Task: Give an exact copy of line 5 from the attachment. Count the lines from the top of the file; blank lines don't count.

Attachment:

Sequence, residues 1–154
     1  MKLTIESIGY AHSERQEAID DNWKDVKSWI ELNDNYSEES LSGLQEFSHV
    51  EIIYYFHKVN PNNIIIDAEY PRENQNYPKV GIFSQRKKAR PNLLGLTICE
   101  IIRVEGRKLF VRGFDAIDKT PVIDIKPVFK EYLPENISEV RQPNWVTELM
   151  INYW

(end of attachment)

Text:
   151  INYW